Here is an example that illustrates OWSM-OES integration using the custom assertion support in OWSM 11g. There is another example in the OWSM Extensibility Guide.

b) Another example would be - if you want to build OAuth support to secure your services with OAuth. OWSM 11g currently does not have OAuth support - but if you wanted to secure your services with OAuth - you could build a custom assertion to do the same.

c) Or you want to use a particular canoncalization method (ex:. The OOTB policies, assertion templates do not provide the flexibility of implementing your own canoncalization method) or want to use particular security transformations.

d) You wanted Liberty support in OWSM, etc.

In the rest of the post I will focus on building custom assertions that require a particular type of signing or encryption.

Custom Assertion, Signing, Encryption

Now one of things one has to worry about when building a custom assertion that deals with signing, encryption, etc is what XML security toolkit to use.

As you will notice - the OWSM Extensibility Guide does NOT provide any APIs that you can use for signing, encryption, etc.

The good news is you can use OSDT (Oracle Security Developer Toolkit) that actually exposes a lot of APIs to perform various XML security operations including signing, encryption, decryption, signature validation, etc.

Here are some doc pointers to OSDT:

http://docs.oracle.com/cd/E23943_01/security.1111/e10037/toc.htm

Here are some OSDT javadocs:

Web Services Security: http://docs.oracle.com/cd/E23943_01/apirefs.1111/e10678/toc.htm

XML Security: http://docs.oracle.com/cd/E23943_01/apirefs.1111/e10680/toc.htm

JCE Crypto APIs: http://docs.oracle.com/cd/E23943_01/apirefs.1111/e10697/toc.htm

SAML related APIs: http://docs.oracle.com/cd/E23943_01/apirefs.1111/e10675/toc.htm

http://docs.oracle.com/cd/E23943_01/apirefs.1111/e10676/toc.htm

Liberty APIs :http://docs.oracle.com/cd/E23943_01/apirefs.1111/e10670/toc.htm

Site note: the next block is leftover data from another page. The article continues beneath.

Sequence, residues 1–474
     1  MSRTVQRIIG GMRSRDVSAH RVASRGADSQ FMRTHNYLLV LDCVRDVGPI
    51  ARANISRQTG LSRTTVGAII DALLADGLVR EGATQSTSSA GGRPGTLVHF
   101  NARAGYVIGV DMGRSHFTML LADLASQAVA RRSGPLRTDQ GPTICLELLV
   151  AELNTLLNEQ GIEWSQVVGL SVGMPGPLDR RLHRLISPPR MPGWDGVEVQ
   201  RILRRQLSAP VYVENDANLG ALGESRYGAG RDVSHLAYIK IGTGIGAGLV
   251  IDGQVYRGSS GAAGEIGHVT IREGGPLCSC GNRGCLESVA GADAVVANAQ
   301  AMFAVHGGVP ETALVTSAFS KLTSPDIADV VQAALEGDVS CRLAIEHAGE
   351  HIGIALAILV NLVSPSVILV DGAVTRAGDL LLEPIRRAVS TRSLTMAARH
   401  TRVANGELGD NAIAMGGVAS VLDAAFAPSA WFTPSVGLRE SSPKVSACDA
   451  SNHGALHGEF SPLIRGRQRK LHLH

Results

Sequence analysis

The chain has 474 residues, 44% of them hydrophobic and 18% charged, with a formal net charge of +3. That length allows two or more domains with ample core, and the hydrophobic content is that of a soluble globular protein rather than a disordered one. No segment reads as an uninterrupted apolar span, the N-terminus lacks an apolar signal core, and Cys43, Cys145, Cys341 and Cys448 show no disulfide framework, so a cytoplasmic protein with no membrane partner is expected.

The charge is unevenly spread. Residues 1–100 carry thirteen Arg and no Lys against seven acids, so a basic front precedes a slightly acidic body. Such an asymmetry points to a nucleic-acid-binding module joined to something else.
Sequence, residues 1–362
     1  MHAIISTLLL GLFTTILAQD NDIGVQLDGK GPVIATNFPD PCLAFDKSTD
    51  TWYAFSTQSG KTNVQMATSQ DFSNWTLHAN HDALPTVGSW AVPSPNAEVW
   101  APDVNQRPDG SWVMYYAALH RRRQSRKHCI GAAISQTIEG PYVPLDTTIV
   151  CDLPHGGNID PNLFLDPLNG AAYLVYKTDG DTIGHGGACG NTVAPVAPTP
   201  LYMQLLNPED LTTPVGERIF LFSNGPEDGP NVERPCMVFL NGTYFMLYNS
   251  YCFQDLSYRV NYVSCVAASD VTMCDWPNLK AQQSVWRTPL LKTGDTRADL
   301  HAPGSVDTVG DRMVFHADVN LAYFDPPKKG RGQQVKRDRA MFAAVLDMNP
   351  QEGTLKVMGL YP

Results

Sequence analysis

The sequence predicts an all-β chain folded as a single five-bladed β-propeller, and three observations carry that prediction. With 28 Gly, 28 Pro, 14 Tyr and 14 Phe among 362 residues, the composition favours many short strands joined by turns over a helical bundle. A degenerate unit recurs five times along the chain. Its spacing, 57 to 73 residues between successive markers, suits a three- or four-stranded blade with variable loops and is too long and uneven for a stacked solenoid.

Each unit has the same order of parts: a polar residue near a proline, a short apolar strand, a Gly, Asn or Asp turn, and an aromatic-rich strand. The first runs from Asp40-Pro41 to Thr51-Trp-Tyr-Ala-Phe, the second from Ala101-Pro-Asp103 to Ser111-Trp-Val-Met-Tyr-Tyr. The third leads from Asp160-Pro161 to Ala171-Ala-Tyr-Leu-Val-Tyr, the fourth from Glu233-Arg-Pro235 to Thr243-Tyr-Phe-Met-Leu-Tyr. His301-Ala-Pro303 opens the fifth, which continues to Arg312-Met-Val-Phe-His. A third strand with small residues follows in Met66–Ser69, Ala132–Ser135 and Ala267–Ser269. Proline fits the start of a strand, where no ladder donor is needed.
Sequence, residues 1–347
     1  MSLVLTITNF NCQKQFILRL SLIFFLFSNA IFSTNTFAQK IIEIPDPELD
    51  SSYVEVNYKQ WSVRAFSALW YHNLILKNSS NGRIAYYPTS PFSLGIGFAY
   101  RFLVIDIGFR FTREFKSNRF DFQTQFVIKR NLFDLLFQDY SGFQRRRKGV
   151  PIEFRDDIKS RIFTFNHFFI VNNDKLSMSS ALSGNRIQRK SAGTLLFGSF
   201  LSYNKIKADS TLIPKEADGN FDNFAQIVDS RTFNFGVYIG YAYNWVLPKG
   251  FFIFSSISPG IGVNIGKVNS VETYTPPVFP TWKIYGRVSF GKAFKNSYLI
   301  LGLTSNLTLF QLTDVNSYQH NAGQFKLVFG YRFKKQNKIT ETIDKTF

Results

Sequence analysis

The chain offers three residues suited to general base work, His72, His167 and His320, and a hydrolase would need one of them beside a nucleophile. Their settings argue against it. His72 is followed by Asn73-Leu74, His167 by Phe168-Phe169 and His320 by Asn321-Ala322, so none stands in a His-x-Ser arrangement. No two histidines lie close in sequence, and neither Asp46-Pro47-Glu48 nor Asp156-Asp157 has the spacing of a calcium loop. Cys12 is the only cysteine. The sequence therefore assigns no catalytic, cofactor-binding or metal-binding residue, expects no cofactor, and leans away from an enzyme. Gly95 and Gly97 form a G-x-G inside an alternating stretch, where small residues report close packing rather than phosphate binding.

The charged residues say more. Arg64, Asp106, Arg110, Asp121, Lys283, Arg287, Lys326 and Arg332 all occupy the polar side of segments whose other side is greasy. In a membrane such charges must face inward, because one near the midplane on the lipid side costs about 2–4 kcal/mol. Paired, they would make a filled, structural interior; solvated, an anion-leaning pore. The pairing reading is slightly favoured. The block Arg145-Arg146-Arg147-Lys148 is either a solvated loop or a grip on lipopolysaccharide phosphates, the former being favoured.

http://docs.oracle.com/cd/E23943_01/apirefs.1111/e10671/toc.htm

Note: The combination of OSDT and OWSM Extensibility Guide provides you a really powerful APIs and toolkits to build various types of security policies that deal with either XML security or Web Services (SOAP) security.

WARNING: You really need to know what you are doing when using these APIs. These are fairly low level APIs and the docs expect the developer using these APIs to be extremely knowledgeable about security technologies and concepts and how to use the various low level building blocks.

Hopefully this provides some guidance on how one can use OWSM custom assertion and OSDT to build various types of policies in OWSM.

Sunday Jul 29, 2012

OPSS vs. OWSM 11g

Have been a bit busy and so blogging has been slow - but I recently came across this blog entry and I thought it would be worth clarifying about the relationship between OPSS and OWSM.

OPSS - Oracle Platform Security Services - provides a security framework and acts as the underlying security layer that addresses both FMW security requirements as well as the base for all the Identity and Access Management products.

Details can be found here.

There is a nice white paper accompanying the recent IDM 11gR2 release - that describes the foundational nature of OPSS. (Yet more material on IDM 11gR2 can be found here.)

The primary security services provided by OPSS include:

a) Authentication Services via Login Modules

b) Keystore Service

c) Credential Store Service - used for storing secrets like passwords (credentials).

d) Audit service

e) Authorization

OWSM is primarily focused on security for Web Services and provides a policy based security model. OWSM implements the various WS-* standards and  leverages OPSS authentication service, Keystore service, Audit service, credential store service, authorization service, etc.